- Jeff Bezos’ girlfriend allegedly sent his nudes to her brother, who then leaked them Saturday 6:38 PM
- This Instagram account catches influencers in the wild Saturday 5:42 PM
- The best upcoming video games to look out for in February 2020 Saturday 5:23 PM
- TikTok teens use AirPods and Google Translate to secretly talk in class Saturday 4:32 PM
- Video shows corpses of coronavirus victims lying in China hospital Saturday 3:44 PM
- Kid meets Slipknot after drumming video goes viral Saturday 2:30 PM
- Channing Tatum responds to troll who tried to compare Jenna Dewan and Jessie J’s looks Saturday 1:46 PM
- Grindr pulls an ‘I don’t know her’ after Eminem suggests he uses the app Saturday 12:48 PM
- Here are the top 10 most popular Instagram models in 2020 Saturday 12:21 PM
- ‘The Chilling Adventures of Sabrina’ takes its characters on a fantasy adventure to Hell in season 3 Saturday 11:37 AM
- Woman no longer in sorority, school after racist MLK post Saturday 10:45 AM
- Netflix’s ‘Miss Americana’ starts to deconstruct the myth of Taylor Swift Saturday 10:32 AM
- Teens charged with attempted arson after participating in TikTok ‘outlet challenge’ Saturday 8:56 AM
- ‘American Dirt’ is a metaphor for a white country built on the back of immigrants Saturday 6:00 AM
- This woman told two students to ‘speak English’ and people are not having it Friday 9:53 PM
The Internet’s cult of complaint
Got a problem? Join the rest of the Internet. From the iPhone to Rebecca Black, a fetish for fussing is what unites us.
What are you complaining about?
As long as I can remember, the Web has served as a natural home for complainers. Got a gripe? Post it online.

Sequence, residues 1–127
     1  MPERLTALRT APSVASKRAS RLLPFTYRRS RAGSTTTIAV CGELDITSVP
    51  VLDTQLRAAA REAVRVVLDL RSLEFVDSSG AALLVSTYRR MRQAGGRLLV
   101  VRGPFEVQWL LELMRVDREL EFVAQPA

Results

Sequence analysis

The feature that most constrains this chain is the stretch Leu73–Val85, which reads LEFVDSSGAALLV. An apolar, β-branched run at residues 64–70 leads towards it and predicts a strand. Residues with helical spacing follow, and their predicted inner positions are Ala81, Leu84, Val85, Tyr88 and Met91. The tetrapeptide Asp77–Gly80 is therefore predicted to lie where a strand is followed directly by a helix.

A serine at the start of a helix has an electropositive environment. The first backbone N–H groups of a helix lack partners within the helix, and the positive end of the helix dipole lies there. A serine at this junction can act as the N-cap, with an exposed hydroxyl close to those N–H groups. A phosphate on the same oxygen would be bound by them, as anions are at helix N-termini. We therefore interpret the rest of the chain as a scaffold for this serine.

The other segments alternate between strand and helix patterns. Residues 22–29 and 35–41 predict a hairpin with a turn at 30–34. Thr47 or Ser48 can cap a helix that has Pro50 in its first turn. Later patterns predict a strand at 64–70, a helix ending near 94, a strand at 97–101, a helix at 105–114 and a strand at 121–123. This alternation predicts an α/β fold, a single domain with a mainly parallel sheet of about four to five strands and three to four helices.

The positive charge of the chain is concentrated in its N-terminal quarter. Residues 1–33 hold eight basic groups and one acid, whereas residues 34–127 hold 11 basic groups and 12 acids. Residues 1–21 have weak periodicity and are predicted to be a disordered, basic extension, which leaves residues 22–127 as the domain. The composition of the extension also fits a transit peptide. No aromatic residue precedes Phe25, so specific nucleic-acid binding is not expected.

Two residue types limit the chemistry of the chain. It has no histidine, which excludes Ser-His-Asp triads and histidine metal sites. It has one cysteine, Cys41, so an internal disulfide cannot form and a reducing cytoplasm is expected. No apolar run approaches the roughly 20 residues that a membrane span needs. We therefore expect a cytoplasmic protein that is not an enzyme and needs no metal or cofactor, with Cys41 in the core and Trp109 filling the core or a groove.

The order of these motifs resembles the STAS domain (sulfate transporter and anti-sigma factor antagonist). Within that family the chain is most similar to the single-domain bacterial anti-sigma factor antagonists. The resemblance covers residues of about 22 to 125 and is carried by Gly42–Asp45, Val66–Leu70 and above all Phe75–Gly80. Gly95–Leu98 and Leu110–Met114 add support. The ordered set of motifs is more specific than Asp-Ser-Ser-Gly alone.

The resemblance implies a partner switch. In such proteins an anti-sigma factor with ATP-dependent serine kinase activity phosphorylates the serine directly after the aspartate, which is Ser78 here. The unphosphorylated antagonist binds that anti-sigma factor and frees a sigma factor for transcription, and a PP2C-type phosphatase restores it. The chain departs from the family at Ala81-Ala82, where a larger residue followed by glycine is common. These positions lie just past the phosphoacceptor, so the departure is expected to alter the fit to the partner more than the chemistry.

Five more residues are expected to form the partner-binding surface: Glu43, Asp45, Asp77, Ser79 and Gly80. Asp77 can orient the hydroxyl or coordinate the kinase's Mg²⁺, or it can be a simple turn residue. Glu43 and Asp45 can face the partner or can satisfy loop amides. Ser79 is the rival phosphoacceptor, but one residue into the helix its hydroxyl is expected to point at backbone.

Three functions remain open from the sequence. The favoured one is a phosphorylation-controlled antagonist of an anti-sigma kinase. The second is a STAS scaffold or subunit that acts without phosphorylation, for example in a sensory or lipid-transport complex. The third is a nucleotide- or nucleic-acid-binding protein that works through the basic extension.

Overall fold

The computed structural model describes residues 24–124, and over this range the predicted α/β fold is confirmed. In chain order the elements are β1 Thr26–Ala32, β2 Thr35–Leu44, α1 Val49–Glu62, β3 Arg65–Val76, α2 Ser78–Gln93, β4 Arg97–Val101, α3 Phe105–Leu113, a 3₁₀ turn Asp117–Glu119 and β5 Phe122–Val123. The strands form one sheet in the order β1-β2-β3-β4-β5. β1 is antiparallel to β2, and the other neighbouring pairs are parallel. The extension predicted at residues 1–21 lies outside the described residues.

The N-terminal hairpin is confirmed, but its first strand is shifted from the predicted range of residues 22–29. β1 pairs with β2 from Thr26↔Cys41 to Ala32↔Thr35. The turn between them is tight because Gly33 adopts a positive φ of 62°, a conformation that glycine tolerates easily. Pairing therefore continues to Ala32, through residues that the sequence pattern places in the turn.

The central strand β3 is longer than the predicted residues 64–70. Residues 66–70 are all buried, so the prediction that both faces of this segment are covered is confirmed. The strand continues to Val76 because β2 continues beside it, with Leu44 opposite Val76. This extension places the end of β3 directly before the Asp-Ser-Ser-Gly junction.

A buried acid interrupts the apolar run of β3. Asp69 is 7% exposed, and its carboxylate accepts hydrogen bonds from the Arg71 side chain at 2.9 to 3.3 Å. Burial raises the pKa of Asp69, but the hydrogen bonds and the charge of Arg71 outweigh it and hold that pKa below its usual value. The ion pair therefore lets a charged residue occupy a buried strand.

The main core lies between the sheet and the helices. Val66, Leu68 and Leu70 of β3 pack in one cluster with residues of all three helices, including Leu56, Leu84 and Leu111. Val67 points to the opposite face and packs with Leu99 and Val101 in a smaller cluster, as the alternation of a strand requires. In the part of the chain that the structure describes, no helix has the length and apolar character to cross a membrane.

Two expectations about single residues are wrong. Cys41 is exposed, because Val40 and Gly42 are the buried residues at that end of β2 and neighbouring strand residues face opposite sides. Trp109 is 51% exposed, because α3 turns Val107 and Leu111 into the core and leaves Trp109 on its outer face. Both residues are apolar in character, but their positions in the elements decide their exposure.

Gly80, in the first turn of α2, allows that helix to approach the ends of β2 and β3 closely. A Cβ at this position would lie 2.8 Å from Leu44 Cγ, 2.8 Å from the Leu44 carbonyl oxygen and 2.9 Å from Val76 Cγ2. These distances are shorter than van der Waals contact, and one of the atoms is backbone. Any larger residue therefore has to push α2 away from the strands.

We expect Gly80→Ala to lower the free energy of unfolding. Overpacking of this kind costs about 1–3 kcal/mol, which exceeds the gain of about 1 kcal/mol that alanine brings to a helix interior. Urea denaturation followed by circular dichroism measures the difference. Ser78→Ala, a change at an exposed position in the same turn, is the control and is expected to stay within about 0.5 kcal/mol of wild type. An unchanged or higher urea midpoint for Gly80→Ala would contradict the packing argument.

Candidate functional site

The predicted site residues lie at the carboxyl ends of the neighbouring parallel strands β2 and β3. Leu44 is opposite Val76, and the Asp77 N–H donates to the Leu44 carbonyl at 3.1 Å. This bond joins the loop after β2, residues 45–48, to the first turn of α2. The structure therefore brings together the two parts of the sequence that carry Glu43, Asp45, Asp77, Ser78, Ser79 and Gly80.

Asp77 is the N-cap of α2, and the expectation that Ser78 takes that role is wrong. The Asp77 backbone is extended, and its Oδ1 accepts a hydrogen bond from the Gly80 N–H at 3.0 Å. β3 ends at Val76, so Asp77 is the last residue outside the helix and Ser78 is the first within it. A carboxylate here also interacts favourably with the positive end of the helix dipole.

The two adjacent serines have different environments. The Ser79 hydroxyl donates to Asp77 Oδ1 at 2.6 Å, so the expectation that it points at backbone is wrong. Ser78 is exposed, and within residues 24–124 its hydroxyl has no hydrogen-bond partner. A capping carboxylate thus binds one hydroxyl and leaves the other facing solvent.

But this week, the disgruntled disgorged an epic amount of dissatisfaction.
As comedian Louis CK once put it, “Everything’s amazing and nobody’s happy.”
Take the iPhone 4S—please. Or so said weary Apple watchers, who expressed their disappointment at the gadget’s underwhelming rollout. I’m with Business Insider editor-in-chief Henry Blodget, who’s itching to upgrade from his 3GS: this is clearly a better phone, and every Android I’ve tried drives me mad with its overcomplicated interface.
(Then again, I’m a surly adopter who proudly sports a cracked smartphone screen as a sign of my miserliness.)
By the way, people had similar gripes about the iPhone 3GS, which instantly went on to record sales. It’s still being sold today. If you really want to offend the gadget pundits, go buy one.
That Apple didn’t announce an iPhone 5 was just one of the first-world problems we experienced.
Redditors discovered that babies cry. Football fans learned that their heroes mouth off on Twitter. Anderson Cooper complained about links to photos of teenage girls, prompting more people to click on links to photos of teenage girls.
An ordinary Reddit user, Forthewolfx, got his wish for instant celebrity on the social news site. And then found himself the target of an organized backlash.
Hater magnet Kreayshawn met hater magnet Rebecca Black, and to the horror of millions, nothing untoward happened. Soulja Boy did not die either, but people learned you can’t believe everything you read on the Internet.
Outside the first world, by contrast, people are grappling with real problems.
In Mexico, people are reportedly spreading rumors, too—but since drug cartels are involved, the rumors have deadly consequences.
After typhoons struck vast parts of Asia, people shared condolences and organized relief efforts.
I don’t mean to be hard on smartphone snobs or people who find deeper meaning in disliking Rebecca Black. Wait, no, stop—actually, I do. There are some amazing things happening online. Actually, some things that don’t completely suck.
Like, for example, the story of Sarah Churman, a deaf woman who heard herself for the first time a couple of months ago and whose story is now spreading thanks to YouTube.
An insidious part of the Internet’s culture of complaint is that the nonstop negativity has become background noise. We don’t really hear each other because our filters are always on. Heck, we probably don’t even listen to ourselves.
If we did, we’d have a moment like Louis C.K.’s: What is it that we’re complaining about, exactly?
Owen Thomas was the founding executive editor of the Daily Dot before becoming the editor in chief of Read Write. A former managing editor for Valleywag, Thomas also was an executive editor for VentureBeat and now serves as business editor for the San Francisco Chronicle.